Healthcare industry 'behind by a country mile' in email security
- Identify the patient
- Review current data
- Select drug from a menu in the electronic health record
- Enter parameters and information for the pharmacy
- Review alerts and advisories
- Select pharmacy
- Authorize and sign
- Review expectations with patient, monitor e-prescribing logs and manage electronic renewal requests
- Aetna's trusted email program (No. 4 overall): Authentication for outbound email, paired with a domain-based message authentication, reporting and conformance (DMARC) policy helped the insurance giant drastically mitigate the risk of abuse originating from emails seemingly sent to customers from Aetna, CSO notes. Within the first three days of the DMARC controls being enabled, 188,000 emails were blocked from delivery; after 45 days, that number jumped to 597,000 emails.
February 17, 2015 | By Susan D. Hall
Despite efforts to create health information exchanges, the United States is still at least 10 years from achieving a secure, robust exchange of patient data, according to a new report from Black Book Research.
Ninety-four percent of America's providers, healthcare agencies, patients and payers remain without meaningful connections, and providers are dropping HIE as a priority. Regional connectivity dropped by 5 percent in the past year, according to the report, which is based on a survey of nearly 2,000 health plan members, 800 physicians, 700 hospital executives, 1,200 insurers and 500 health information technology vendor staffers.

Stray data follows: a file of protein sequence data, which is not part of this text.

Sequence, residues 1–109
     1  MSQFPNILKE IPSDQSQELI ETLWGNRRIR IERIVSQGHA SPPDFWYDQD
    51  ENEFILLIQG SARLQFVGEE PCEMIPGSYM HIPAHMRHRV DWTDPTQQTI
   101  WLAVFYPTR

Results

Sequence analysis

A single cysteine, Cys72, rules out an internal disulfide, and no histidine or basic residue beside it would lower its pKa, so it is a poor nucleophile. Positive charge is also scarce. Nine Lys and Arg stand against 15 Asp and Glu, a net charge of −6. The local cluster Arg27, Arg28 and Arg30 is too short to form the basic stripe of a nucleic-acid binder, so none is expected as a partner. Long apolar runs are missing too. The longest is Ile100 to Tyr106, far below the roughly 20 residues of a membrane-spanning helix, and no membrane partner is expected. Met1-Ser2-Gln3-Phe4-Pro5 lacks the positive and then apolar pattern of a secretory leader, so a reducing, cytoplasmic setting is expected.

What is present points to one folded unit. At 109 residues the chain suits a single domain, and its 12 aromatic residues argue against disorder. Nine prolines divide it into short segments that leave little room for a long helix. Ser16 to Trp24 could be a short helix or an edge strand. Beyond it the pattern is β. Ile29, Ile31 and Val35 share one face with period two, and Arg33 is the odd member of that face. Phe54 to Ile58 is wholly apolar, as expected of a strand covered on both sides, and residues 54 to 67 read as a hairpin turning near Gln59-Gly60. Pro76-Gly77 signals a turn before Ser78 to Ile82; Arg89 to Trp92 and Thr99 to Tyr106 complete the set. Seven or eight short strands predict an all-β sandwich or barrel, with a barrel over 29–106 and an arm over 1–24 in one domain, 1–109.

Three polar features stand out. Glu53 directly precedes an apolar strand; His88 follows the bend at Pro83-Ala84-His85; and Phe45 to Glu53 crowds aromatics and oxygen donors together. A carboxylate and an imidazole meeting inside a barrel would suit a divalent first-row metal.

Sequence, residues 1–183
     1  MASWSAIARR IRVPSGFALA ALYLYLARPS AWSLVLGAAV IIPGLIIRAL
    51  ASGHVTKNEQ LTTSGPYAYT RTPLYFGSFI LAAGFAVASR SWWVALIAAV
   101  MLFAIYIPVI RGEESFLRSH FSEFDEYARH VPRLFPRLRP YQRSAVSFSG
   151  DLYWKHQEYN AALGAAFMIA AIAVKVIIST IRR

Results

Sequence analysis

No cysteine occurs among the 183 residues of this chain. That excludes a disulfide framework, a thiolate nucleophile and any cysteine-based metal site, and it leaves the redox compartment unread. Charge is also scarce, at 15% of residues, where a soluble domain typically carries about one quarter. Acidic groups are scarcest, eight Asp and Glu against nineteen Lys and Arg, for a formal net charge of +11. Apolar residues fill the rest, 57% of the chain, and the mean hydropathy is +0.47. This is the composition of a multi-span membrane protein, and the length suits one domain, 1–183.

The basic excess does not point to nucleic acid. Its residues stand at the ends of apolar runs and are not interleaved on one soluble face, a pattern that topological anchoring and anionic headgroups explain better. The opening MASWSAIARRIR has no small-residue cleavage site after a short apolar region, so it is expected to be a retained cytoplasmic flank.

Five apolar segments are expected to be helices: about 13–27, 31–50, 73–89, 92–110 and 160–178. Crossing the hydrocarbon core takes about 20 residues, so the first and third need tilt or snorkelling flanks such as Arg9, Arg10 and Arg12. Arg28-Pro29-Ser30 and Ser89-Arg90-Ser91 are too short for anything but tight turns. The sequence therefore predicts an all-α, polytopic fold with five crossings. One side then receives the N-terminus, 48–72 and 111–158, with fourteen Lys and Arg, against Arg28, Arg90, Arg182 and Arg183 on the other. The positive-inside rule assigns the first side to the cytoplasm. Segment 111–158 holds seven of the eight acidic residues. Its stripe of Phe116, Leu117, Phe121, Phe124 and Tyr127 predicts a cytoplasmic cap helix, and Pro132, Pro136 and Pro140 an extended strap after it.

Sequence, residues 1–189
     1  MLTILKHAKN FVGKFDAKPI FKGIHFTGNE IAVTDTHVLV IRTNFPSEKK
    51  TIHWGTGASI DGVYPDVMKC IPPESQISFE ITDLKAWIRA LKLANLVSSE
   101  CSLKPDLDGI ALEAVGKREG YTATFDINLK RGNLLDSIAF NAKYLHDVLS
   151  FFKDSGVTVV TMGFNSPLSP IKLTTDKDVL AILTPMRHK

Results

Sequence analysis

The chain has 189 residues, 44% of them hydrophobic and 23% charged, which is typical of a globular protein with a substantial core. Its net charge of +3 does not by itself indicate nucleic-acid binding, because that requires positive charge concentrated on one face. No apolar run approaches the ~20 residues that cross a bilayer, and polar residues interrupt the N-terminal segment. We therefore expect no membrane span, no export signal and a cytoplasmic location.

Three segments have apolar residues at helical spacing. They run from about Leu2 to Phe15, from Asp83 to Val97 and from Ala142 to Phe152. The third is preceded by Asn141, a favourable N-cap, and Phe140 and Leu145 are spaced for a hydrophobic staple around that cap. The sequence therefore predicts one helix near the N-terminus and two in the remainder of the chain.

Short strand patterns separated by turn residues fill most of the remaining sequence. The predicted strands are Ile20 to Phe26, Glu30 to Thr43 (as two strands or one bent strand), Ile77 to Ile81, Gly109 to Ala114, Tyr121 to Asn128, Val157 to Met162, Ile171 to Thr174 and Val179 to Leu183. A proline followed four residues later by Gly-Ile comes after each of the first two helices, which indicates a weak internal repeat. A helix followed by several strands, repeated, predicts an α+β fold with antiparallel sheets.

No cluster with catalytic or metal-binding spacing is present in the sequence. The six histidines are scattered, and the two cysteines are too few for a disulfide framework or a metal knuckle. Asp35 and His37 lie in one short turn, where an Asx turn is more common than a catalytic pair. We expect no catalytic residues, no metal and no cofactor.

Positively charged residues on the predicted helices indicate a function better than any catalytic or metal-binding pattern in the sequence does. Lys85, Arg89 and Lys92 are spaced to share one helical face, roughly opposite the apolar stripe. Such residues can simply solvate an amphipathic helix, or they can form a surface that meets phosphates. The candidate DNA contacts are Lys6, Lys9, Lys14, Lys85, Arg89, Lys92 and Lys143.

Providers are retreating from complex HIE efforts--in part because of the flawed business models of public HIEs--and instead are waiting to see whether payers foot the bill for significant data-sharing mechanisms. What's more, a growing number of IT vendors are drastically cutting interoperability research and development funding, the report states.
- Improving information sharing between the private sector and government;
- Establishing a national data breach notification statute; and
- Bolstering law enforcement's ability to combat cybercrime.
- Seventy-six percent of patients set up appointments with their primary care physicians over the phone, followed by 25 percent who do so in-person. Just 7 percent make appointments online.